THE OLIVE FAIRY BOOK - online childrens book

A Collection of Illustrated classic fairy tales for children by Andrew Lang

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' It is neither a silver plate nor a giant's shield,' replied the duchess; ' but a beautiful lake. Still, in spite of its beauty, it is dangerous to go near it, for in its depths dwell some Undines, or water spirits, who lure all passers-by to their deaths.'
Nothing more was said about the lake, but the children did not forget it, and one morning, after they had returned to the castle, Abeille came up to Youri.
' The tower door is open,' whispered she ; ' let us go up. Perhaps we shall find some fairies.'
But they did not find any fairies; only, when they reached the roof, the lake looked bluer and more en­chanting than ever. Abeille gazed at it for a moment, and then she said :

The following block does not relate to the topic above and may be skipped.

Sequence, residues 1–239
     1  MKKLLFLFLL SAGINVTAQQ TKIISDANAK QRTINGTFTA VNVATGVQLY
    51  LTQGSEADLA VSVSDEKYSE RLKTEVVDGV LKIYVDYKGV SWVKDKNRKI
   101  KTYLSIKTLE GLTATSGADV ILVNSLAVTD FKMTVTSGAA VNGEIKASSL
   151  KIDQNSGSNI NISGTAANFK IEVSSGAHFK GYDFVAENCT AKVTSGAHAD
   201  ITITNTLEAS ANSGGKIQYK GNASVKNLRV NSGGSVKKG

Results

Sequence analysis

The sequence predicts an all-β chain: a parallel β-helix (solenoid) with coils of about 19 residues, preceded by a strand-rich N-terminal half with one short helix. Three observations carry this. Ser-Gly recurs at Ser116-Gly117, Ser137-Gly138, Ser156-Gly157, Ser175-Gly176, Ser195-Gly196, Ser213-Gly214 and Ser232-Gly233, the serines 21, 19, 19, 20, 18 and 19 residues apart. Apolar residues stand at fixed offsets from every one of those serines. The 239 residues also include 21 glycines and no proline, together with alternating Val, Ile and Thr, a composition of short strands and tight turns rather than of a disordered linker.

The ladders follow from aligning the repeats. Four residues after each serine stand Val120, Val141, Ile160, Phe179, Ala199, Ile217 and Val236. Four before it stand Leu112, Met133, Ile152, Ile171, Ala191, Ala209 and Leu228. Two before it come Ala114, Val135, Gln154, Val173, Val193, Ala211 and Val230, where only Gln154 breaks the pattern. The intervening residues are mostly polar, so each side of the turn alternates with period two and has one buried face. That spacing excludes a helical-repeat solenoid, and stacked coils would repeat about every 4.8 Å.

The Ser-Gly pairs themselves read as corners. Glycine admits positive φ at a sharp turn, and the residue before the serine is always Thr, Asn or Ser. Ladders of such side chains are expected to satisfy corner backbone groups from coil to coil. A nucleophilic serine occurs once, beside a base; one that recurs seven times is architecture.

' Do you see ? I mean to go there !'
' But you mustn't,' cried Youri. ' You heard what your mother said. And, besides, it is so far; how could we get there?'
' You ought to know that,' answered Abeille scornfully. ' What is the good of being a man, and learning all sorts of things, if you have to ask me. However, there are plenty of other men in the world, and I shall get one of them to tell me.'
Youri coloured; Abeille had never spoken like this before, and, instead of being two years younger than himself, she suddenly seemed many years older. She stood with her mocking eyes fixed on him, till he grew angry at being outdone by a girl, and taking her hand he said boldly:
' Very well, we will both go to the lake.'
The next afternoon, when the duchess was working at her tapestry surrounded by her maidens, the children went out, as usual, to play in the garden. The moment they found themselves alone, Youri turned to Abeille, and holding out his hand, said :
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